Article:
Verstappen forced to accept: ‘Mercedes just too fast here’

Max Verstappen was ‘best of the rest’ behind the two Mercedes drivers in Saturday’s qualifying session for the 2020 British Grand Prix, but the size of the gap to the front row on the timesheets was a painful lesson for Red Bull.

Verstappen ended the day a full second off the pole time and new track record set by Lewis Hamilton, with Valtteri Bottas also enjoying a sizeable advantage in second place.

“You could see of course very early on in qualifying that they were way too fast, like they have been the last faces races. You just have to accept that,” Verstappen acknowledged after the end of the session. “It’s a big gap, just tried to do the best we can.

  • Hamilton recovers from early spin to sweep Silverstone pole

Asked if Red Bull would have been closer if Friday’s superhot weather had continued into Saturday, Verstappen said: “We would still be quite a few tenths down,”

“I don’t think the warm weather makes such a big difference. If it would have been 35 degrees today, I would still have been third,” he told “It would have helped maybe a little bit, but not that much.”

“The lap itself was good in the end,” he said of his own effort which was a lot more competitive than it had looked on Friday in sizzling temperatures.

“With these new type of cars of the last few years, they’re very sensitive to wind because they are that big and that wide especially here at Silverstone. You can really tell that yesterday for example it was really tricky in the corners.

“Today the wind changes and it was becomes like a totally different car. Fortunately in the right way because it was a lot more fun to drive, but it’s a lot more sensitive,” he said. “We are clearly still learning about the car, trying to improve it.

“Overall the qualifying itself was pretty okay. I was pretty much all the time in third. There was not much more I think I could do,” he shrugged. “My final lap in Q3 was pretty good – I had a bit of a moment out of the final corner.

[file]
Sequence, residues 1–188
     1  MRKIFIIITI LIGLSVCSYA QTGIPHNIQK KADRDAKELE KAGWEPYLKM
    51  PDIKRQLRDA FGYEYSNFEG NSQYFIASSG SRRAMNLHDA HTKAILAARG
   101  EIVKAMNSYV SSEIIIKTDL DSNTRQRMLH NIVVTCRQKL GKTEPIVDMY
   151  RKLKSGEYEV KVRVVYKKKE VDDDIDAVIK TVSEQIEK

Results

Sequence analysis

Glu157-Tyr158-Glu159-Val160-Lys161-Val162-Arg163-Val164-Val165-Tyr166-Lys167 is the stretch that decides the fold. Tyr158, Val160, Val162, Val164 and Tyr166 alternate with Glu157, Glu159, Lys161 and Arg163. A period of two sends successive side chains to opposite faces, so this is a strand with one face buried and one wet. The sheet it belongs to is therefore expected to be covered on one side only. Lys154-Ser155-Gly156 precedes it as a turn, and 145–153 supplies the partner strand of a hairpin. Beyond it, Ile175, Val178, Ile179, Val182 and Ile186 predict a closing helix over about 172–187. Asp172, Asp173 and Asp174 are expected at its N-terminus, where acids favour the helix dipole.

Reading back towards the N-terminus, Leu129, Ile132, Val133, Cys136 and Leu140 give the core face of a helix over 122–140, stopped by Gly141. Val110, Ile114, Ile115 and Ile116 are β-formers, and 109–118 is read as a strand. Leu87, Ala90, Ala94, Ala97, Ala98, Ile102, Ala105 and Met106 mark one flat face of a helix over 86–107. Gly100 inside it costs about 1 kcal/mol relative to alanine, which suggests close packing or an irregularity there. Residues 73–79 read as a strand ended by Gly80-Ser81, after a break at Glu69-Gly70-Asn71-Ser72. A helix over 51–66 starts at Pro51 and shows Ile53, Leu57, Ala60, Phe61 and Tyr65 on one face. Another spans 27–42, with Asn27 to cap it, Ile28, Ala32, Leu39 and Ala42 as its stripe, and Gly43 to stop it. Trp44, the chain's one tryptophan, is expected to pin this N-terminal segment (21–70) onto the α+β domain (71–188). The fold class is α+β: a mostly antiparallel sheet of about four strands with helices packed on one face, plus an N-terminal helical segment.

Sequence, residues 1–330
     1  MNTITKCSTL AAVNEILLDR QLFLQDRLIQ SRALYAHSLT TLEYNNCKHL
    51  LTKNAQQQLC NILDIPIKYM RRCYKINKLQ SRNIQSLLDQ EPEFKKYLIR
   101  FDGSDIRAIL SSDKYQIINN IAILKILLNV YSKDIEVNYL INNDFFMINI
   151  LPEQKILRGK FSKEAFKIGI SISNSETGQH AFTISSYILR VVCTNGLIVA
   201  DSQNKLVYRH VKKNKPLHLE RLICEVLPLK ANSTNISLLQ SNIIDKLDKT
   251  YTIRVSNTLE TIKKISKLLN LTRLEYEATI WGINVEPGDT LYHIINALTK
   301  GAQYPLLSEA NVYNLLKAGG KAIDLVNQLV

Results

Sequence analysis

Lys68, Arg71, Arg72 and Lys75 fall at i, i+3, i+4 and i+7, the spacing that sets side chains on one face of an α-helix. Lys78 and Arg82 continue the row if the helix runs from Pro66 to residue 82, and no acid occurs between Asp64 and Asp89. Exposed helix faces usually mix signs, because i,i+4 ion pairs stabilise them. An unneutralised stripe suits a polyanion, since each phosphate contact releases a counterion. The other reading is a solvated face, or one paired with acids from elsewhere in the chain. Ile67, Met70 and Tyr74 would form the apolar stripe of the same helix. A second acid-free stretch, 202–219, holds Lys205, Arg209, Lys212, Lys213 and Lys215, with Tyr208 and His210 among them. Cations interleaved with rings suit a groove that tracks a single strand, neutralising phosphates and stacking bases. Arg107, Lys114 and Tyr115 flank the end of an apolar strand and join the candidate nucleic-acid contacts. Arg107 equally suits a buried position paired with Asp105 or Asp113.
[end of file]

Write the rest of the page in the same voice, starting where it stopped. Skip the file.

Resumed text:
Lining up in third is certainly better than the last race where he was seventh on the grid, but went on to pick up second place at the chequered flag.

“After Hungary to come back and now be third place is a good start. In the race it’s different, I think we are mathematically a little bit closer in the race. I’m going to fight them, and at least you have a fighting chance starting third.

“We just hope to have a clean start. From there onwards I just try to do the best I can in the car,” he said. “If that’s try to follow them a bit, I think we can be happy with that. And score some points!”

Verstappen certainly performed better that his team mate Alex Albon, who lost time on Friday after crashing in practice and was then forced to sit out half of Saturday’s morning session while the team fixed a battery issue on his car without incurring a costly grid penalty in the process.

The Thai driver ended up being eliminated at the end of the second round in qualifying and will start tomorrow’s race from a lowly 12th place on the grid.

“I would be lying if I said today hasn’t been frustrating, especially with the kind of margins we are looking at to Mercedes,” Red Bull boss Christian Horner commented.

“It was disappointing for Alex and the Team not to make it to Q3 but losing the track time in FP3 hurt him, especially after yesterday’s off.”

“I wouldn’t say the weekend was terrible, just today hasn’t been very good,” Albon admitted to Sky Sports F1 afterwards. “We were looking pretty strong.

Click Here: Cheap France Rugby Jersey

“We missed track time obviously and the wind is changing all the time so balance changes with that. We missed a bit of fine-tuning. The times were close too so it is what it is.

“Tomorrow we have a free tyre choice, so hopefully we can make some positions again,”: he added. “Obviously I don’t want to have to keep doing all these overtakes, but hopefully we can score some good points tomorrow.”

Gallery: The beautiful wives and girlfriends of F1 drivers

Keep up to date with all the F1 news via Facebook and Twitter

Leave a Reply

Your email address will not be published. Required fields are marked *